How To Maximise Rest Days
To reach your fitness goals, you need to train, but you also need rest. When you optimise the ratio of work to rest, you’ll reach your fitness goals faster. Find out how to use rest days as part of your training and what you should focus on to get the most out of each rest day.
What is a rest day?
A rest day is your day off from training! You can take a break from your regular workout routine to allow your body and mind to recover.
It’s important that you rest on a rest day. This means doing lighter activities and varying your training schedule to include active recovery.
A rest day allows your body to consolidate the hard work you’ve been doing. Muscles recover, adapt and become stronger and your nervous system has a chance to regenerate. Including appropriate rest in your training program can also help to prevent a workout plateau or overtraining.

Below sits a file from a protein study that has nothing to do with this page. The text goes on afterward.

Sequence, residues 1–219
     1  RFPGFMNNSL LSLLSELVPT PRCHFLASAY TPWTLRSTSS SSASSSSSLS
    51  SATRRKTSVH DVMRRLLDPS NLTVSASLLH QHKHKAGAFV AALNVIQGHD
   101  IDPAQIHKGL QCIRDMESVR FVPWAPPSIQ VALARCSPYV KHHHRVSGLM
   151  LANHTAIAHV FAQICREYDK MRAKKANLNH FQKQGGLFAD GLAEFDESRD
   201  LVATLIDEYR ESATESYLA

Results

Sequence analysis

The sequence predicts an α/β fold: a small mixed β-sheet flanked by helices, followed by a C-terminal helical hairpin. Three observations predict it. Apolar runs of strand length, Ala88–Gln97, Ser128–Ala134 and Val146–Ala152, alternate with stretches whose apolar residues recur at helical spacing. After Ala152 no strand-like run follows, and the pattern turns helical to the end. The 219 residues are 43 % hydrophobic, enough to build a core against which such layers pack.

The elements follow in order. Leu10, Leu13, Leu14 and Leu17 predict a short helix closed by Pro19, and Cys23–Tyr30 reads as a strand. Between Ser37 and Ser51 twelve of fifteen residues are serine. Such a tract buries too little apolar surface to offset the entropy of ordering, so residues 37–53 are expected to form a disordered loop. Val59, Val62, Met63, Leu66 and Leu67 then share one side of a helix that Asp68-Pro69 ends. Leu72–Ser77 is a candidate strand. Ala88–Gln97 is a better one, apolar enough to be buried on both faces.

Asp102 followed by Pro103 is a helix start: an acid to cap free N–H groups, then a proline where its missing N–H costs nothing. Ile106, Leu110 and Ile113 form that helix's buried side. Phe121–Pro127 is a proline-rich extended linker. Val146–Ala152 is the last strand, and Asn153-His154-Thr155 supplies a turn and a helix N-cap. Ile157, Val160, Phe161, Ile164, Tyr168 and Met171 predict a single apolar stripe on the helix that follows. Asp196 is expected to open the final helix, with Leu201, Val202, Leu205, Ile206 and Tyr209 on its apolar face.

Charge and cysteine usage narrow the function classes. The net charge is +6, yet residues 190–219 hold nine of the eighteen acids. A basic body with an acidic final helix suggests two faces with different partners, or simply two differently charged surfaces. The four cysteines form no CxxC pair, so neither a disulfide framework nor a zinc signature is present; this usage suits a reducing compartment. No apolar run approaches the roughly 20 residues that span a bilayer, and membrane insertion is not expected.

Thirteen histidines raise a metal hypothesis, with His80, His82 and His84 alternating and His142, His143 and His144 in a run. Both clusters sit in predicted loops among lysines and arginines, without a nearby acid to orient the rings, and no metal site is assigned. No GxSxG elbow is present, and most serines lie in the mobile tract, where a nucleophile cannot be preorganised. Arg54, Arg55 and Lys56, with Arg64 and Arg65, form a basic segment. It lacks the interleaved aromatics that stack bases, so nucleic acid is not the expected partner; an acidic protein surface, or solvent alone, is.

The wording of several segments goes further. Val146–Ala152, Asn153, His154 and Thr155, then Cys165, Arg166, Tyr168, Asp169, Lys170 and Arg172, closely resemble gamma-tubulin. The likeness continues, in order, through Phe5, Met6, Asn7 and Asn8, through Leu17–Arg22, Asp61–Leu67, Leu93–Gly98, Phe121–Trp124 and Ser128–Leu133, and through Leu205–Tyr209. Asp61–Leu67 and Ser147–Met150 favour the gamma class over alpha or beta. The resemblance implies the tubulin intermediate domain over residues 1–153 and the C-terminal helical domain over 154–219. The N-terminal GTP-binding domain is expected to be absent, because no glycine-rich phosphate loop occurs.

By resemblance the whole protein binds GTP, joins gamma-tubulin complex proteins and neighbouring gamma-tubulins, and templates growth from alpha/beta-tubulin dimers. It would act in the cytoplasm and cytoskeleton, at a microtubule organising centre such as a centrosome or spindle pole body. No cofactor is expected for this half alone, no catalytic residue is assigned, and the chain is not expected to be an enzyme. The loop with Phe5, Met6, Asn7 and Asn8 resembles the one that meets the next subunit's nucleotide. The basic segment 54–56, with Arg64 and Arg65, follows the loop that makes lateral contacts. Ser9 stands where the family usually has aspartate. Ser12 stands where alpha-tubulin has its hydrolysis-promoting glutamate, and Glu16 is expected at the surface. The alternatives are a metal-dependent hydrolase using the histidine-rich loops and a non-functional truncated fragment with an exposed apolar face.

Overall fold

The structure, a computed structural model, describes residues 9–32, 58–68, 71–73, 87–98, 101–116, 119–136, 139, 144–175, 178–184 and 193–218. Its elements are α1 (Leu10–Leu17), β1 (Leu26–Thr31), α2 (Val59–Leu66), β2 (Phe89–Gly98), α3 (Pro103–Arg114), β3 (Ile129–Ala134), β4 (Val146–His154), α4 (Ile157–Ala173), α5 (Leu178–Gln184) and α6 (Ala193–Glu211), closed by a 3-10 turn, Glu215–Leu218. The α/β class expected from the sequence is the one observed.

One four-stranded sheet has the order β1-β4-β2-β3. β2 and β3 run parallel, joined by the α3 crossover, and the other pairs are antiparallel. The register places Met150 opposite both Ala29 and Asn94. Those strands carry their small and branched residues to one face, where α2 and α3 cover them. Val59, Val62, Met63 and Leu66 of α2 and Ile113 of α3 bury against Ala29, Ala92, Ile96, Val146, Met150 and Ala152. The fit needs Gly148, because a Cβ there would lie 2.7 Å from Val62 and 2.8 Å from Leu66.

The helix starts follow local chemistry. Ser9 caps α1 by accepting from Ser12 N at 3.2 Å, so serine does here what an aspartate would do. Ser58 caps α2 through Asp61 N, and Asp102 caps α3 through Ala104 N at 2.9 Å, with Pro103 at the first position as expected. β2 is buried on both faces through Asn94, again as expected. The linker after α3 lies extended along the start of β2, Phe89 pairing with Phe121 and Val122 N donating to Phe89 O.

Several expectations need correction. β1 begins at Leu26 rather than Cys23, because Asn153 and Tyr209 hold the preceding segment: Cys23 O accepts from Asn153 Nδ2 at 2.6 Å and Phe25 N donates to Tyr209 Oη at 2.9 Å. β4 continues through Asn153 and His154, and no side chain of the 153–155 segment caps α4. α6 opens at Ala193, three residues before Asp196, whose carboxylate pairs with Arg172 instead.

What to do on a rest day
You can maintain your fitness momentum, even on a rest day. Use your rest days to relax and rejuvenate your body and your mind in whatever way works best for you. While sometimes a day of Netflix and chill is exactly what you need to re-energise, be aware that you don’t want to slip into bad habits.
Stay active on a rest day with light cardio or an active recovery workout. Yoga is another way to incorporate mindfulness and movement while promoting recovery.
Here are some suggestions from the SWEAT Trainers to help you maintain fitness momentum on a rest day:
Kayla’s rest day advice: “Grab a foam roller and do an active recovery session! This will help to reduce muscle soreness and improve your range of motion.”
Chontel’s rest day tip: “Use your rest day to do meal prep for the week ahead to ensure you have healthy food that fills you up.”
Steph’s rest day advice: “Rest days are when your muscles grow, so respect the need for rest. On your rest day, prioritise your nutrition, get enough sleep and remember to stretch.”
Kelsey’s rest day tip: “Practise meditation or mindfulness, spend time with family and friends or take a walk in nature.”
What to eat on a rest day
The food that you eat on a rest day can help to speed up muscle recovery as your body adapts to your training load. Make sure that your protein intake is adequate to support muscle repair, and include complex carbohydrates as well as fruit and vegetables.